HOW Rivalry Affects Children and Parents

Rivalry between children often drives parents to despair, because they do nothing but separate opponents and read Endless educational conversations require considerable effort and nervous tension. In addition, constant squabbles make it difficult to give children full attention, both all at once and individually.

Sad child suffering and his parents having hard discussion in a home kitchen by couple difficulties. Family problems concept.

Some parents try to take their children’s rivalry philosophically and be patient. Others worry that it will negatively affect behavior at school, relationships with friends, or growing up. Rivalry affects children in different ways. In some cases, quarrels with a brother or sister cause a lot of stress and confusion, especially when the child feels that he is less loved or not considered for his needs.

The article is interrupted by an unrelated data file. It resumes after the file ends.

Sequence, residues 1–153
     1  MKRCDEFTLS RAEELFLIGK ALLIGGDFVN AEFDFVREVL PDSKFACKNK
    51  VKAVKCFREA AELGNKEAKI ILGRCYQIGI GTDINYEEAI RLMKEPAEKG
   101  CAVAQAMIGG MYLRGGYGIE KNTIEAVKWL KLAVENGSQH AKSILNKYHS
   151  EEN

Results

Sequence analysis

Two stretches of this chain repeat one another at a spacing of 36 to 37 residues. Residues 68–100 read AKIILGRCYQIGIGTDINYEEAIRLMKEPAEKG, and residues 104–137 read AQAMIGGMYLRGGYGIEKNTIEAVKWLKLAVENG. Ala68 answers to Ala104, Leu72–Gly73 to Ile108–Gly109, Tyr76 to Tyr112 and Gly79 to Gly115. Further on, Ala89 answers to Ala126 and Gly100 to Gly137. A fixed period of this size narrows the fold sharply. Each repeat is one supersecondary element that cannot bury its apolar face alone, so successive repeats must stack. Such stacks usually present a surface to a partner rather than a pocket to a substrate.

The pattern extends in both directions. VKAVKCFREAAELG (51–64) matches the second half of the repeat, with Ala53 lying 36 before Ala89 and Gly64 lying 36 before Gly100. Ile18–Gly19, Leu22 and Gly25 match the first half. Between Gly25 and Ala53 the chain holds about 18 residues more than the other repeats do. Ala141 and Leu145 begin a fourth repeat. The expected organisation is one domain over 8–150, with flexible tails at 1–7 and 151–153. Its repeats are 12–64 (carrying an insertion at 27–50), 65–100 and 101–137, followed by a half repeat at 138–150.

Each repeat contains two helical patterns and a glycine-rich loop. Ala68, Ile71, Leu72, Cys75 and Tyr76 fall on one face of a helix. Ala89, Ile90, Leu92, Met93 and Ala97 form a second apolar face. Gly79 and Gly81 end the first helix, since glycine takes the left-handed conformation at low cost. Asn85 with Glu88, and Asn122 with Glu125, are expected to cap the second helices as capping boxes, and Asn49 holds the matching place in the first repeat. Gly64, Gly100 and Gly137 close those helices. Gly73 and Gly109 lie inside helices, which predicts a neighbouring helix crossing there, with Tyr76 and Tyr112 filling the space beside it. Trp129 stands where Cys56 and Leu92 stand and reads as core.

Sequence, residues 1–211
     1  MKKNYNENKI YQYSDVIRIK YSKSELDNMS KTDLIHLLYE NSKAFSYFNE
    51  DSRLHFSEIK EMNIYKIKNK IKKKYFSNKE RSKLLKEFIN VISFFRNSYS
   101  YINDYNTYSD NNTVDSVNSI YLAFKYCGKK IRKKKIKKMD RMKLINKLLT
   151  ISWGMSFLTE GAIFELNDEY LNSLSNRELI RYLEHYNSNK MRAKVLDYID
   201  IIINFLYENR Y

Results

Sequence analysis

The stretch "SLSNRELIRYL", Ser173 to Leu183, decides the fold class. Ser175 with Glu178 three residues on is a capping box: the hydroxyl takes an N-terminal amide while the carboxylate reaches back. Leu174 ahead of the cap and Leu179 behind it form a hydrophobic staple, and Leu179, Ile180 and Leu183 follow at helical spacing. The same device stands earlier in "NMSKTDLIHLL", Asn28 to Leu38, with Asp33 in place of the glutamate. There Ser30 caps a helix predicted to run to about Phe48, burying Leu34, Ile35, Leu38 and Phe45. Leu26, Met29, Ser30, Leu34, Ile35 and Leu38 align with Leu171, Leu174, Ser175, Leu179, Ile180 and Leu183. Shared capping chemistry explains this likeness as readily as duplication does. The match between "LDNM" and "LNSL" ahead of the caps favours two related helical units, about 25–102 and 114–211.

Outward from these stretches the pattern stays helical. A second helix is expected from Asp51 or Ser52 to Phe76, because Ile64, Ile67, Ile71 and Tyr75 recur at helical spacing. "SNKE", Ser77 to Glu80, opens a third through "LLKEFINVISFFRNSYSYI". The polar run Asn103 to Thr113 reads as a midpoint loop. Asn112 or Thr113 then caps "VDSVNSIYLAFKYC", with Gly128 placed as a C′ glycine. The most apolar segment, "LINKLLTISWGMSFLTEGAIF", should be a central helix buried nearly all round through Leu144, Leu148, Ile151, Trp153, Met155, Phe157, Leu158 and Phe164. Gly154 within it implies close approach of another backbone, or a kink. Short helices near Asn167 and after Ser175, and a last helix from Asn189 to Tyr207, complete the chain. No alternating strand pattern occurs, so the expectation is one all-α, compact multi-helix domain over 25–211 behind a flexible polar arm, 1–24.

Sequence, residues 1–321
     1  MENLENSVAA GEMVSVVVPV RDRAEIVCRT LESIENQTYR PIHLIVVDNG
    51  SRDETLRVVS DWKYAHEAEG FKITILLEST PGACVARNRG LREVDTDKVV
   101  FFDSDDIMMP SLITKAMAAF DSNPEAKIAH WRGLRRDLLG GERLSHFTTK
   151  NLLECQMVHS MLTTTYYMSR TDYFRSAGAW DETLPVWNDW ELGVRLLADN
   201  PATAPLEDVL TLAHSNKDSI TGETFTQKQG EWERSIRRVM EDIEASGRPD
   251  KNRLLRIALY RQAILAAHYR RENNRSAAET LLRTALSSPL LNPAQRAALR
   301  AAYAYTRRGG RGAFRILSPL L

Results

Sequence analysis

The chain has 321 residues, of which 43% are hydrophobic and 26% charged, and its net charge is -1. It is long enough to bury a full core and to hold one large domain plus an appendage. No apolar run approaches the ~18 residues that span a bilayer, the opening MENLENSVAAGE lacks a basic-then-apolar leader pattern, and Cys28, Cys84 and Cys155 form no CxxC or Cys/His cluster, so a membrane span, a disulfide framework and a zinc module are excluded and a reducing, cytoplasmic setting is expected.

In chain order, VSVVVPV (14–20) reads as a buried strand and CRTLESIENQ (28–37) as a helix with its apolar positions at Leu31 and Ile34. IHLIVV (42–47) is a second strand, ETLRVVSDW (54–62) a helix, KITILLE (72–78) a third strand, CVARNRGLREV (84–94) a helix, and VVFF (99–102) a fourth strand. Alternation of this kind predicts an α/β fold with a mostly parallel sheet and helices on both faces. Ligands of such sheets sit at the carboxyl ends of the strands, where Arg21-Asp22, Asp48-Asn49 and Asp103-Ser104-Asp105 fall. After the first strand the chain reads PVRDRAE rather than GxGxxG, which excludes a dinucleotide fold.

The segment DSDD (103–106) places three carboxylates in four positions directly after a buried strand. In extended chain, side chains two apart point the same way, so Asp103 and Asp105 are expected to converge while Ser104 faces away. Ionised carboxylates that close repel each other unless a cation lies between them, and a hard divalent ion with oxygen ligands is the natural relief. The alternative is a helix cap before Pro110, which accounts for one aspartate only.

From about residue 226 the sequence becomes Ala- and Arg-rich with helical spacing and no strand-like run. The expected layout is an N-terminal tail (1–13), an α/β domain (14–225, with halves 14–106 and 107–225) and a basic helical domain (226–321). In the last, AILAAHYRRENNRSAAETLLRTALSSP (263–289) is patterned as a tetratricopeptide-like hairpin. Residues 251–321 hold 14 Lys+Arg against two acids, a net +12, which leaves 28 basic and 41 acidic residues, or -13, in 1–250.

Sometimes childhood rivalry turns into violence. According to the National Survey of Children’s Exposure to Violence (2013), attacks on siblings are depressingly common. The percentage of such cases is especially high among children with an age difference of less than two years. Thus, 40.9% of them reported that over the past year they had been beaten more than once, and 7.7% that they had been thrown at them with weapons and severely injured.

It is important for parents to understand that their decisions should be based, first of all, on the needs of the children, and not on the notorious justice.

Chronic assault, where one child is usually the victim and the other the tormentor, can lead to serious neurotic disorders. It causes childhood post-traumatic disorder (PTSD), depression, anxiety, learning and social difficulties, and relationship problems in adulthood and with

On the other hand, competition provides certain advantages. Siblings learn social skills from each other. Early experience of conflict resolution prepares the child for many adult disagreements, including developing the ability to get along with other people: for example, roommates or spouses.

According to a 2013 study, fifth graders who were only children had weaker interpersonal skills after five years of attending school. This trend suggests that the ability to manage conflict, acquired in skirmishes with siblings, continues to bring significant benefits, even after the child enters school and spends most of the day with other children.